A Guest in the WildernessI recently took off two work days for some hiking in northwestern Colorado. I had a unique experience at the Mount Zirkel trailhead. (Park Range, Routt County, Mount Zirkel Wilderness area).
Because the events happened between 1:00 am and 3:30 am, I have no pictures of my own to share on this page.
While sleeping in the bed of the truck, I was awoken by a porcupine scratching and chomping around the vehicle, only I didn’t know it was a porcupine. He eventually climbed up on the muffler, tail pipe, and axle, and made quite a racket right under the spot where I was trying to get some shuteye. Not knowing what was going on, I leaned way out and shined a light under the truck to identify the varmint. I yelled at him, shook the truck, and tried other means of shooing him off, short of getting out of bed.
As he continued to scratch and claw under the truck, I could not sleep, so I finally got up out of my sleeping bag and pulled on my boots. I grabbed a big stick and poked at him way up under the truck. He left a souvenir quill in my stick but refused to leave his perch. Not knowing how aggressive he would be, figuring that his night vision was better than mine, and fearful of the damage I might do to the truck, I stopped short of ramming the stick through his fat body.
Round One lasted from 1:00 a.m. to 2:30 a.m. It ended with the placid porcupine holed up in a nook on the frame of the truck.
Frustrated, I lay back down, separated from the porcupine by the bed of the pickup truck. I grew sleepy within a few minutes, until he started up again, chewing and scratching under my truck! What is that varmint doing??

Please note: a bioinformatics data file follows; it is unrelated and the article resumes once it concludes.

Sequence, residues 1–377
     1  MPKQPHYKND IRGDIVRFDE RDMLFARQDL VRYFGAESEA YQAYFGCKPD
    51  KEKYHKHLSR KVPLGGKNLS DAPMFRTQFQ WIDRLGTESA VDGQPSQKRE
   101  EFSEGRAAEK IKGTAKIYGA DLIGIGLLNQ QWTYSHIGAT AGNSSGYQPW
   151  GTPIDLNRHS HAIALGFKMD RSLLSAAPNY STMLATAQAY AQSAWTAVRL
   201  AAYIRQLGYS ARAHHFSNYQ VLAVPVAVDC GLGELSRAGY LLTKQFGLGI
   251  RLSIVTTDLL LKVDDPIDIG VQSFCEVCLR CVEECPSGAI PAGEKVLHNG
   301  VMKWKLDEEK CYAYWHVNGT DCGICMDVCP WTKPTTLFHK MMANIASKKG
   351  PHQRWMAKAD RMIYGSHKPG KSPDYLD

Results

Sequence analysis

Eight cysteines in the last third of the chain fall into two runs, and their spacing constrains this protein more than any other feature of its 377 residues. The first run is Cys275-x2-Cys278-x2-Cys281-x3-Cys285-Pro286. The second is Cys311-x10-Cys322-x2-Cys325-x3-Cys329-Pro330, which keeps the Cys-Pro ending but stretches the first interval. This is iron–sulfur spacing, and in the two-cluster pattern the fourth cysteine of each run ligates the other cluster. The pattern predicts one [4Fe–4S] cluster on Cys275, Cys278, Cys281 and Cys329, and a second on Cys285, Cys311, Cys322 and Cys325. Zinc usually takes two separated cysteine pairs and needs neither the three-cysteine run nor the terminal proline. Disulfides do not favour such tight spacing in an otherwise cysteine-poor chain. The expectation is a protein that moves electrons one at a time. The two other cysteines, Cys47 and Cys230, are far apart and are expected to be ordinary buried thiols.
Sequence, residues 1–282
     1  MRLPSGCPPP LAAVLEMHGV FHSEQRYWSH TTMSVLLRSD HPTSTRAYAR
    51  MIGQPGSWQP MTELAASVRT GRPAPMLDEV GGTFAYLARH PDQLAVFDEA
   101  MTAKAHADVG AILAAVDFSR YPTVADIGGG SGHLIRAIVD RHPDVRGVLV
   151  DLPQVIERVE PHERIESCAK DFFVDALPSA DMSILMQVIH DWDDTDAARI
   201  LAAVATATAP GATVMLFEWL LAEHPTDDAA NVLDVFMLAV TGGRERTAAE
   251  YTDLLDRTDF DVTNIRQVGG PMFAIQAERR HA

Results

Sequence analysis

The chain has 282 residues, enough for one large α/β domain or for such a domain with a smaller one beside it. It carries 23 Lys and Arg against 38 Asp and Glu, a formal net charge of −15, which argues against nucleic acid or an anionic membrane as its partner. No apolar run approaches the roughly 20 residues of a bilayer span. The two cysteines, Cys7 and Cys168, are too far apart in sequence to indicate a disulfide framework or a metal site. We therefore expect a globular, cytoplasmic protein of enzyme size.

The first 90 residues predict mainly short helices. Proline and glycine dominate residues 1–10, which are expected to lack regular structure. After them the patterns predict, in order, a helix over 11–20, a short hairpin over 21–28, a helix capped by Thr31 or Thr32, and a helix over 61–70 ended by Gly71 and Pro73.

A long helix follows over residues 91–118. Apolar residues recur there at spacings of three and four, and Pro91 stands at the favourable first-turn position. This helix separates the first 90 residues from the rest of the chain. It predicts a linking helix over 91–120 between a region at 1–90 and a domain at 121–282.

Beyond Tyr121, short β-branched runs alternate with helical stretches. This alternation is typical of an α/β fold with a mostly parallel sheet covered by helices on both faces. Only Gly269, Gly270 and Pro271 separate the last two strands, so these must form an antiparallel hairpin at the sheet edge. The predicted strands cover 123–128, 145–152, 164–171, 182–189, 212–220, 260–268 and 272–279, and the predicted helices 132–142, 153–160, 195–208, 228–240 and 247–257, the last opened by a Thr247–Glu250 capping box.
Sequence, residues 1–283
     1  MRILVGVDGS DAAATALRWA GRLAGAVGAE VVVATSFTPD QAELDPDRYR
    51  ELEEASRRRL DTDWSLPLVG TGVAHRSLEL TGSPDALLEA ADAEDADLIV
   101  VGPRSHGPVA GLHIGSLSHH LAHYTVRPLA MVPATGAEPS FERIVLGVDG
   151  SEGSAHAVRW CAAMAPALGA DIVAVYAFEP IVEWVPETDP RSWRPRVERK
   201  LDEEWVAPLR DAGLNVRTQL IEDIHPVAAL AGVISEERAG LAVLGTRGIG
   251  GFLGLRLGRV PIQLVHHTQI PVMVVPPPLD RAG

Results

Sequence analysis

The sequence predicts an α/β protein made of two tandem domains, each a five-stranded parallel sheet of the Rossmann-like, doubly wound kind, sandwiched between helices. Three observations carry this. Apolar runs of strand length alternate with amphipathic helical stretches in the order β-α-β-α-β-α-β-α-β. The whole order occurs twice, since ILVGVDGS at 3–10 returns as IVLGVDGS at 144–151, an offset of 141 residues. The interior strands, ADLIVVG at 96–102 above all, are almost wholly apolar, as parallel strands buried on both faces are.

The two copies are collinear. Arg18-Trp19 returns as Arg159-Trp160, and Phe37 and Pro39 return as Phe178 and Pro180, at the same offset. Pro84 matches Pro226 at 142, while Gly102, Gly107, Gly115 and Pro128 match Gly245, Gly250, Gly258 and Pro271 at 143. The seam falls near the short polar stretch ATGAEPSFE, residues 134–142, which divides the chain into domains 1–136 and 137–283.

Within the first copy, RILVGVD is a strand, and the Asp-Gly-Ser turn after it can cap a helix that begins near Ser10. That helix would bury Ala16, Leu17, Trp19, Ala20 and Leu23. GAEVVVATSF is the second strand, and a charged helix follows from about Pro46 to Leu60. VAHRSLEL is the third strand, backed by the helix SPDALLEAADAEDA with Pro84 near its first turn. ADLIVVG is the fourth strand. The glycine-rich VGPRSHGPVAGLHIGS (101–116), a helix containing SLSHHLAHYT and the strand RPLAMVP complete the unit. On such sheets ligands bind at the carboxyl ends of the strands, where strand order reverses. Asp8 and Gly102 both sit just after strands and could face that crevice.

When I couldn’t take it any longer, I got up out of my sleeping bag again and pulled on my boots. This time I drove the truck around the parking area, with no small amount of swerving and jerking. Can you believe, when I stopped the truck, that varmint was still there! So I grabbed my big stick again, and poked at him more aggressively than before. He didn’t leave though, and I was flustered. I decided to try and sleep in the cab where at least it would be more quiet. Eventually, I heard one last scratch on the muffler, and then the night was still. It was too cold to sleep in the cab anyway, so presently I moved back into my sleeping bag. The time was 3:30 a.m. I slept until it was time to hit the trail.
AddendumBack home, I did some reading about porcupine behavior. Porcupines crave sodium in their diet. Electrical wiring and rubber are highly desirable to them, especially if salted. Great.
Porcupines Have a Point to Make (University of Georgia)
Porcupines are rodents. Porcupine photos on SP are rare, probably because these animals come out mostly at dusk or at night.